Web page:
The best way to retain talent is to align the interests of employees with those of the business. This can be achieved via your employee experience, career progression or development opportunities and providing a genuine work-life balance.
To ensure protection, companies should also consider the use of reactive tools.
Long-term and short-term incentives
One option is to use long-term incentives that defer the payment of an incentive over multiple years. Led by listed and financial services firms, these tie in employees until the scheme pays out, and beyond if the benefit is subject to clawbacks. Clawbacks can apply where, for example, it later emerges the financial metrics used to assess the incentives were overstated or some evidence of wrongdoing were uncovered by the scheme participant.
Long-term incentives can involve complicated drafting periods. As well as ensuring the terms are clear to the signatory, employers will often assess the tax consequences and make sure the clawback is enforceable.
As with everything, balance is required. If all incentives are deferred, it may not retain those looking for an immediate return on their efforts – or who are susceptible to approaches (and signing-on bonuses) from competitors.
Notice and garden leave
A longer notice period could also be considered. While it may raise the costs of notice, it can also help in two key ways. First, the length of notice defines the amount of time an employee spends on garden leave. Garden leave excludes an employee from the market and trade connections. As garden leave is easier to enforce than post-employment restrictive covenants, a longer notice buys longer protection.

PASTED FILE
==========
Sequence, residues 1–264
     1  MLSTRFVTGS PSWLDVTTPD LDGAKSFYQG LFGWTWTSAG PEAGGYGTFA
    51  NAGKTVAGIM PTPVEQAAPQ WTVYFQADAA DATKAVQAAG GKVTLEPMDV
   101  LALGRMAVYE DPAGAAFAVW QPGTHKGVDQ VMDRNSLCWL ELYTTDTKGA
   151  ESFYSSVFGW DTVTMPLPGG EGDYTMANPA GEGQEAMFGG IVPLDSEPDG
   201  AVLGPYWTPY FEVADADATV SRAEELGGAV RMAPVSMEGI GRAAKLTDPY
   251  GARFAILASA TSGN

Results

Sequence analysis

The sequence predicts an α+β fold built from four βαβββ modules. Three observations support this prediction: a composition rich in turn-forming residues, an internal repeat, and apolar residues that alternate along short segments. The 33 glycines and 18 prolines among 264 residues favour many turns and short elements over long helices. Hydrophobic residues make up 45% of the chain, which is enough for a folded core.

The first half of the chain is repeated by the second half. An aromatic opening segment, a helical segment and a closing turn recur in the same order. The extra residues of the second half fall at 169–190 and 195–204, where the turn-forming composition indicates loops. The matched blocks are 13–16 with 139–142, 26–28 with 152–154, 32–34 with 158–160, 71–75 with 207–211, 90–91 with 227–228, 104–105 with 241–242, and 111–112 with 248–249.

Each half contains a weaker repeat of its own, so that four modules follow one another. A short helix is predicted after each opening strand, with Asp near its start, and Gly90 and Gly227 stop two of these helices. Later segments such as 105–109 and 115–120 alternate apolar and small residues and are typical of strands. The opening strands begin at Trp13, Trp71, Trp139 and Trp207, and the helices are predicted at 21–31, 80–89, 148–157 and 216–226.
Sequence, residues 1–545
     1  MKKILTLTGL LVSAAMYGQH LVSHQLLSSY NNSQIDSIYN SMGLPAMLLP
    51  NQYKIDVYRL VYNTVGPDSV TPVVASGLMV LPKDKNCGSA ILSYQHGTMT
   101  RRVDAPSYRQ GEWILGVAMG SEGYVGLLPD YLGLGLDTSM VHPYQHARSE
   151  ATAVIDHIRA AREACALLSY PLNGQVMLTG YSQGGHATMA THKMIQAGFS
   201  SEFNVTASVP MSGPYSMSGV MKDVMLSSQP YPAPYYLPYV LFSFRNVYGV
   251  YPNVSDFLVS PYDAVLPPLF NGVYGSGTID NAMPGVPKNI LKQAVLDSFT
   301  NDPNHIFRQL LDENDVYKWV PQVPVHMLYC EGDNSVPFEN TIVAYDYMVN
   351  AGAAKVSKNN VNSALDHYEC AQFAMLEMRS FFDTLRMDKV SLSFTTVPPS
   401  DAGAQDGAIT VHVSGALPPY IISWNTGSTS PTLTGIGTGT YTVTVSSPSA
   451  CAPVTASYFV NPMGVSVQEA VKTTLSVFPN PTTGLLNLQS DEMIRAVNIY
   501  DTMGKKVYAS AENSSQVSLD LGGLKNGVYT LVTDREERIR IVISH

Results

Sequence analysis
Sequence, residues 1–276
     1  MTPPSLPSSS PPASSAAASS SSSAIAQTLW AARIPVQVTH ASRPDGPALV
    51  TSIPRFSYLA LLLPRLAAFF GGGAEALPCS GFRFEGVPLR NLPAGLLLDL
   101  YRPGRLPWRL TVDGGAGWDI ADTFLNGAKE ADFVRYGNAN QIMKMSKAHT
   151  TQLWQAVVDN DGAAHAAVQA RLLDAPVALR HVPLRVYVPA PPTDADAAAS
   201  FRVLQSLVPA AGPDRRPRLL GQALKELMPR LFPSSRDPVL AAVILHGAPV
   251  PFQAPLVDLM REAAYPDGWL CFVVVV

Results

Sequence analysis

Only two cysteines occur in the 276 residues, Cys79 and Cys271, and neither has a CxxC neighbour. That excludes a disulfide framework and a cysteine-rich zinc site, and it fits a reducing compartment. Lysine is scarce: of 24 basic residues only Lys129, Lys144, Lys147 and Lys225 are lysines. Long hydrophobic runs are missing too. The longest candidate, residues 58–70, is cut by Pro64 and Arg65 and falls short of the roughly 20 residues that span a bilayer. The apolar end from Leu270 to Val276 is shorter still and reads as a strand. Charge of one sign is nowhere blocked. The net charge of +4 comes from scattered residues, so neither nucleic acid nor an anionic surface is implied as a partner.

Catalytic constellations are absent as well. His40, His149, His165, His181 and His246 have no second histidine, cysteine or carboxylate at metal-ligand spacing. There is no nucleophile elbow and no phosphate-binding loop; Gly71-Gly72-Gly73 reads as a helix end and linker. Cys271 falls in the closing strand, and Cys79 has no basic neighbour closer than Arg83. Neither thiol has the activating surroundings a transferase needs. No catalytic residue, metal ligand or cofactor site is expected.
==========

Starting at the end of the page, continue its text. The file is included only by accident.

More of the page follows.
Second, a long notice period may deter a competitor from offering employment, particularly if the employee is also subject to post-termination restrictive covenants.
Post-termination covenants can prevent an employee from working in a competitive business, from soliciting or dealing with actual or prospective customers, and poaching key employees for defined periods of time after they leave the organisation.
While attractive, the starting point is that all such provisions are unenforceable restraints of trade. They are only enforceable insofar as the employer can prove it has a legitimate interest in restricting the particular employee and that the restrictions go no further than is necessary.
It has become common to include restrictive covenants in an employment contract in some cases just for deterrent effect. The harsh reality is, however, that enforcing covenants is expensive and time consuming.
If you do not intend to enforce these in the event of a breach – or if you have included covenants without any thought as to the reasonableness of these, their value as a retention tool is limited.
Once your bluff is called or a court refuses to enforce a covenant, the deterrent effect is often lost. Likewise, the more regularly an employer waives the covenants when an employee leaves, the more it is communicating it has no intention to hold staff to them.
A well-drafted and considered covenant is a powerful tool. If threatened with injunctive proceedings, employees are often reluctant to breach their restrictive covenants, particularly with the added prospect of paying their employer’s legal costs (given that costs follow the event).
Using covenants as a blanket or commonplace contract clause can risk over-reliance. Employers should therefore consider clauses protecting confidential information and intellectual property, as well as restrictions on the activities that employees can undertake while at the company.
No matter which tool you pick, winning the war for talent will require balance and flexibility in your financial incentives and the way you restrict employees during and after their employment.
Andrew Secker is a partner at Mills & Reeve